Veera Bhajan

Five months after she was appointed as a lay-assessor of the Equal Opportunity Tribunal by President Paula-Mae Weekes, differently-abled attorney Veera Bhajan has threatened to sue over allegedly being blocked from taking up the position.

Guardian Media understands that Bhajan, who was born without arms and was awarded the Hummingbird Medal (Silver) in 2011, made the threat in a pre-action protocol letter sent to the Office of the Attorney General and the tribunal’s chairman Donna Prowell-Raphael, by her attorney Rajiv Chaitoo on July 30.

In the correspondence, obtained by Guardian Media, Chaitoo claimed that shortly after his client received her instrument of appointment on March 17, she made several attempts via telephone and email to contact the tribunal to begin her work there.

On April 27, she wrote to an administrative officer of the tribunal, as her previous attempts were allegedly unsuccessful.

Chaitoo pointed out that on May 19, Prowell-Rapahel responded and claimed that the tribunal did not have the “logistic and or financial wherewithal” to accommodate another lay-assessor.

In the letter, which was attached to Bhajan’s legal threat, Prowell-Rapahel also claimed that she did not require an additional lay-assessor based on the tribunal’s limited workflow at the time.

“Such an assumption would result in that person being paid a substantial salary to remain home and do nothing. This is not only inconsistent with the policy of the tribunal but is imprudent and irresponsible at this time of national detriment and parsimony,” Prowell-Raphael said in the letter to Bhajan.

In his correspondence, Chaitoo also pointed out that Prowell-Raphael criticised his client for using the wrong communication channel to officially liaise with the tribunal. He claimed his client categorically denied any wrongdoing.

“Notwithstanding her lawful appointment, to date, the chairman has unlawfully denied my client her opportunity and right to perform her lawful duties in accordance with her lawful presidential appointment,” Chaitoo said.

He claimed that the situation has severely hampered Bhajan, as she terminated her private practice in order to take up the three-year position.

“This was her sole source of income and exclusive means by which she supported herself and her family,” Chaitoo said.

In the letter, Chaitoo also noted that his client exchanged correspondence with the President and informed her of what transpired.

Attached to the legal threat was a letter from the President on July 13, in which she said that she had referred the matter to relevant authorities.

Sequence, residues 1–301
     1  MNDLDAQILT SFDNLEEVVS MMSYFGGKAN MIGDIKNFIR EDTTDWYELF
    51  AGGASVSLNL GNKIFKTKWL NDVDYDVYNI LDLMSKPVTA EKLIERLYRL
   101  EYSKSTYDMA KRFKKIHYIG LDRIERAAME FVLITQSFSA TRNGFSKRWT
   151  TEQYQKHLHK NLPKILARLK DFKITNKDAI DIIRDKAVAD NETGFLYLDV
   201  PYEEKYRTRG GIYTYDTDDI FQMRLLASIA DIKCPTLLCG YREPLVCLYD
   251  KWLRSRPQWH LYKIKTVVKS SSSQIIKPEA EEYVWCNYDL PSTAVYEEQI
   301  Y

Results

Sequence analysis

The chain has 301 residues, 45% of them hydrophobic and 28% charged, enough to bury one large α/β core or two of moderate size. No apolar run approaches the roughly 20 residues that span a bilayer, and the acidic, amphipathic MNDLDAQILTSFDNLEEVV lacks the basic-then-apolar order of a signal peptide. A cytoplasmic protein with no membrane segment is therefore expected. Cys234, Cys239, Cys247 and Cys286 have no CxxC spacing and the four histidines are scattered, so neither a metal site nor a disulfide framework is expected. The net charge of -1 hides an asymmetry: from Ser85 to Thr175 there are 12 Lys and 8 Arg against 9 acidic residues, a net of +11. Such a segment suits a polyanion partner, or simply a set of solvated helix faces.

“In principle, I cannot in all the circumstances, reasonably have any objection to your considering your legal options, but I commend and thank you for your patience in awaiting a favourable resolution,” Weekes said in the letter.

In his letter, Chaitoo also referred to the Equal Opportunity Act, which established the tribunal and defined its remit.

Under the legislation, the tribunal consists of a chairman and two lay-assessors appointed by the President. While the Judicial and Legal Service Commission (JLSC) advises the President on the appointment of the chairman, the lay-assessors are selected solely by the President.

The tribunal is mandated to hear and determine discrimination complaints under the legislation, which are referred to it by the Equal Opportunity Commission.

Section 42 (7) of the legislation prescribes the circumstances in which a lay-assessor’s appointment may be terminated by the President on the recommendation of the chairman.

The circumstances are bankruptcy, misbehaving in office, being nominated or appointed to another office, being involved in a matter or interest which appears to the chairman to be incompatible with the function of lay-assessors or being incapable of performing their duties, for whatever reason.

“The unlawful discretion which is being exercised by the chairman in depriving my client of her legal rights are ultra vires the act and in excess of her jurisdiction as Chairman of the Tribunal,” Chaitoo said.

“As such, the decision made by the chairman in preventing, denying and failing to give effect to my client’s appointment is contrary to law, unfair, unreasonable, irrational, null and void,” he added.

In the letter, Chaitoo gave the parties seven days in which to facilitate his client beginning her duties before he files her proposed lawsuit.

Guardian Media understands that Prowell-Raphael’s lawyers responded to the letter and requested additional time to provide a comprehensive response to the allegations by September 3.

Chaitoo also received a response from the AG’s Office indicating that the matter was being urgently considered and requesting that he delay filing the lawsuit while an amicable solution is being sought.

Guardian Media also obtained additional correspondence from Chaitoo to Prowell-Raphael sent on August 3, requesting the disclosure of the alleged policy applied to his client and particulars of her (Bhajan) alleged improper communication on the issue.